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European Themeroute Production and Manufacturing | Cutlery

Hardly any other industry can trace its origins as far back in history as the European cutlery trade. Once it was widespread and primarily settled in places with hydroelectric power or close to important trade centres or routes. The industrialization of the 19th century entailed a concentration on a ... more

Icon: CutleryProduction of cutlery - not only "Made in Solingen"

Hardly any other industry can trace its origins as far back in history as the European cutlery trade. Once it was widespread and primarily settled in places with hydroelectric power or close to important trade centres or routes. The industrialization of the 19th century entailed a concentration on a small number of industrial zones scattered all over Europe, which – a common feature of that time – resembled each other more than neighbouring industrial centres of a single country. International interrelations like this are one of the reasons why entrepreneurs in the Bergisches Land ("Country of Berg" or "Land of Berg") called their factories ‚Cromford‘, ‚Birmingham‘ or ‚Sheffield‘. Until the mid 19th century, the named region closely followed the English model while being a pioneer itself as to the Prussian-German hinterland.

Industrialization of the cutlery production

Originally, it was mainly small workshops that produced cutlery, which can still be seen in Laguiole or Langres (France). Hydropower driving hammer works, bellows and, eventually, grinding mills shaped the trade to such an extend that steam engines only emerged with delay, for example in Thiers (France). In Solingen, almost all conventional ‚Wasserkotten‘ (water-powered grinding shops) were still in operation around 1900, even though steam grinding plants had long been in use at that time. As elsewhere in Europe, the introduction of drop forging technology strongly stimulated productivity, leaving the grinding sector with its artisanal structures behind. Small businesses, in turn, took advantage of the electric motor, which became widespread in the first decades of the 20th century.

Actually, the number of small workshops literally exploded. Around 1925, Solingen‘s cottage industry employed around 13,000 home workers, most of them based in Kotten (workshops) owned by themselves. But the advent of the electric motor also propelled the mechanization in factories. In the 1920s, Solingen and neighbouring Wuppertal-Kohlfurth laid the foundation for grinding technologies that were to set worldwide standards after the Second World War. Today, the cutlery industry is characterized by a strongly bipolar structure. There are workshops still deeply rooted in artisanal traditions as well as companies – for example in Portugal – with a very high degree of mechanization or even automation.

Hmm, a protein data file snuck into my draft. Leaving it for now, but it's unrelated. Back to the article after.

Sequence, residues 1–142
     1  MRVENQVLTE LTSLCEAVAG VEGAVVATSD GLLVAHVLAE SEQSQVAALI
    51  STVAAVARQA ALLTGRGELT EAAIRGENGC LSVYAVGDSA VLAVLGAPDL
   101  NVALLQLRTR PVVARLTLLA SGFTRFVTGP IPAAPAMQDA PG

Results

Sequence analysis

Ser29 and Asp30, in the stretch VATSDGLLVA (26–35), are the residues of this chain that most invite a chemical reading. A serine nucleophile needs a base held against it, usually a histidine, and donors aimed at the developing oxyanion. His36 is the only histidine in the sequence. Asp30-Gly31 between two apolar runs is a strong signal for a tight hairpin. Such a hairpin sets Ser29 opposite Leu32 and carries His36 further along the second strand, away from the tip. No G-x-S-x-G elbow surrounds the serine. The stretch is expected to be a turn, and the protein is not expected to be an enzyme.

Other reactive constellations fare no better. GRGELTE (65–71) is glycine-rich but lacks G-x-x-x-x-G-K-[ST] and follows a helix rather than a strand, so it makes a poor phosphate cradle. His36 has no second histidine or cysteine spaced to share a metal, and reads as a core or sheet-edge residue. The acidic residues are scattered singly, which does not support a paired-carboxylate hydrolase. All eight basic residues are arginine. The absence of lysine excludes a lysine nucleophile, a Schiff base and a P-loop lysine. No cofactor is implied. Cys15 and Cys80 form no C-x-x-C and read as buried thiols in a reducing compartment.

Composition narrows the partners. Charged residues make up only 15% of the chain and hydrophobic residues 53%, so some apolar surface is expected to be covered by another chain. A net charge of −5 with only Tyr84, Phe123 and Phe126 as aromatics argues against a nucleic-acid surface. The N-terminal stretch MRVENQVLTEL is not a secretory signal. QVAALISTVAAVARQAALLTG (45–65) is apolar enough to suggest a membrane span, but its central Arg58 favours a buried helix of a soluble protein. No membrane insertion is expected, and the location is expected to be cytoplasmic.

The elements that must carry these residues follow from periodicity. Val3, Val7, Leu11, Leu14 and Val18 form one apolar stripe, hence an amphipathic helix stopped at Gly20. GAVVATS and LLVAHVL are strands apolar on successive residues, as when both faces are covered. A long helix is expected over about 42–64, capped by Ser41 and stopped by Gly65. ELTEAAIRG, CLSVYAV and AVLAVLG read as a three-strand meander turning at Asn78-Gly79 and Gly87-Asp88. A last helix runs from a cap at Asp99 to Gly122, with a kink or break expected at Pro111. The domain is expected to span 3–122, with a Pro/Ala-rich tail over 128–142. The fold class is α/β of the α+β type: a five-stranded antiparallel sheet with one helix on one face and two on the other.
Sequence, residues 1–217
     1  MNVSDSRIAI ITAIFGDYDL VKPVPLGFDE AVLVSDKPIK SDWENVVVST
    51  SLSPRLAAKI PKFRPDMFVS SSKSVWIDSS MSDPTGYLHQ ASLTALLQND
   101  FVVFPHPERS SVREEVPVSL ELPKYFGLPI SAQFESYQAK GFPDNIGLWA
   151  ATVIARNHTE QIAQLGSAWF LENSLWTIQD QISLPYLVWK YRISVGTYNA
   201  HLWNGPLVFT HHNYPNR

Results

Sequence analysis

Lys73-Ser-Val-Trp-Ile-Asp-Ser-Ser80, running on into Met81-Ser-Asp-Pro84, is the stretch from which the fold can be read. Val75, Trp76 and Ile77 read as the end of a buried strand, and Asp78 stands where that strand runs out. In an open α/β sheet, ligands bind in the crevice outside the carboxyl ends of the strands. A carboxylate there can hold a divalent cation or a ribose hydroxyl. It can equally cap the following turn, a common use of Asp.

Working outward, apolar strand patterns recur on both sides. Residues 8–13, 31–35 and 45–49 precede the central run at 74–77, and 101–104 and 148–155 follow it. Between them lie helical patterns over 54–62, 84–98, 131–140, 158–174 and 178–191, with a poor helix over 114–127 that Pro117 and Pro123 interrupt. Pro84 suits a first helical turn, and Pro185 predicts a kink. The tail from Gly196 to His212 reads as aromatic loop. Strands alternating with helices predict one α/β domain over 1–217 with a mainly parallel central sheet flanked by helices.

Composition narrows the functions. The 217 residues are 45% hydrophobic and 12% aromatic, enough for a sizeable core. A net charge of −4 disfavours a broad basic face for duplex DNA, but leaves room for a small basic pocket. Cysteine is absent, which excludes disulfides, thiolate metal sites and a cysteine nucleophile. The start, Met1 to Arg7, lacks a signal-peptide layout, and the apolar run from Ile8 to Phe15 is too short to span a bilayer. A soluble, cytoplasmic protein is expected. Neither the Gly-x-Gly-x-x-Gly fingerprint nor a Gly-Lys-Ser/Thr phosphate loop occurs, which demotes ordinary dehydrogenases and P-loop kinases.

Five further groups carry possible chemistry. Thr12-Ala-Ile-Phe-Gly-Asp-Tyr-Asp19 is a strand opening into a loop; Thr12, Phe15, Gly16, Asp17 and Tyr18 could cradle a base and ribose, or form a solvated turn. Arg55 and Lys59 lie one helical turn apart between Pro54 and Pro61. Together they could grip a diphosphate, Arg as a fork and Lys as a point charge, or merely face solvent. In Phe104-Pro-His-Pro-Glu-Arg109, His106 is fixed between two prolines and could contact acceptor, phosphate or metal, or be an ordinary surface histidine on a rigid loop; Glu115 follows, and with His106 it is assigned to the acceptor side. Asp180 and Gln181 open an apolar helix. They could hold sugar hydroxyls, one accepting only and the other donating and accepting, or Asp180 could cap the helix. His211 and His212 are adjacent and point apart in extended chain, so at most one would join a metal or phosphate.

European interrelations
Solingen, Sheffield (England) and Thiers (France), the three most important European cutlery centers, have a great deal in common. They arose from old, export-focused crafts based on rather small-scale businesses dominated by blacksmiths, metal hardeners, grinders and fitters, some of whom regarded themselves as ‚independent‘ even when their workplace was part of the client's factory premises. In addition, Solingen provided sought-after support to other sites, for instance in Klingenthal in Alsace, which probably would not have developed as it did without the help of expert workforce from Solingen. Other examples are Premana (I), Gembloux (B), Maniago (I) and Thuringia (G), benefitting from close contacts and migration links that partly exist until to this day.

But there are also differences. The traditional hubs of the industry meanwhile host museums devoted to cutlery, whereas new players such as Portugal did not (yet) enter this level of awareness with history. Moreover, the global pattern of the cutlery trade has changed. Machines that Solingen companies scrap as obsolete may still be profitable in Spain and Portugal. This does not necessarily mean that technical standards vary from country to country. Sometimes, even within a single site, the plants‘ machinery differs considerably from one another. In addition, hardly any other industry boasts the same diversity of manufacturing conditions, which is due to the abundance of textile samples that still shapes the industry and enables even smaller and technically outdated companies to produce small batches for niche markets.

Centres of cutlery production
Since the late Middle Ages, Solingen was the undisputed centre for the manufacture of blades, knives and, subsequently, scissors. In addition, there were local hubs in various places, such as Steinbach (Thuringia), where the GDR knive production was located. The nearby Trusetal was another local centre of the cutlery trade, Leegebruch near Berlin produced pocket knives and Aue (Saxony) specialized on flatware for the GDR market. Apart from that, there are relevant companies in Baden-Wuerttemberg (WMF, Giesser, Dick) and Bremen (Robbe & Berking).

France is home to several operating cutlery centers with a history that spans several centuries. Nogent once delivered luxury goods to wealthy customers in Paris, the museum in St.-Jean-de-Maurienne in the French Jura, set up in a former plant of the Opinel family, attracts more than 60,000 visitors every year, and Klingenthal in Alsace has a long tradition as royal armoury. The production scheme of the French "Le Thiers" pocket knife has kept an entire generation of small workshops at work and helped the eponymous city to gain new prestige. In Laguiole, the revitalized sector has boosted a whole, economically neglected region.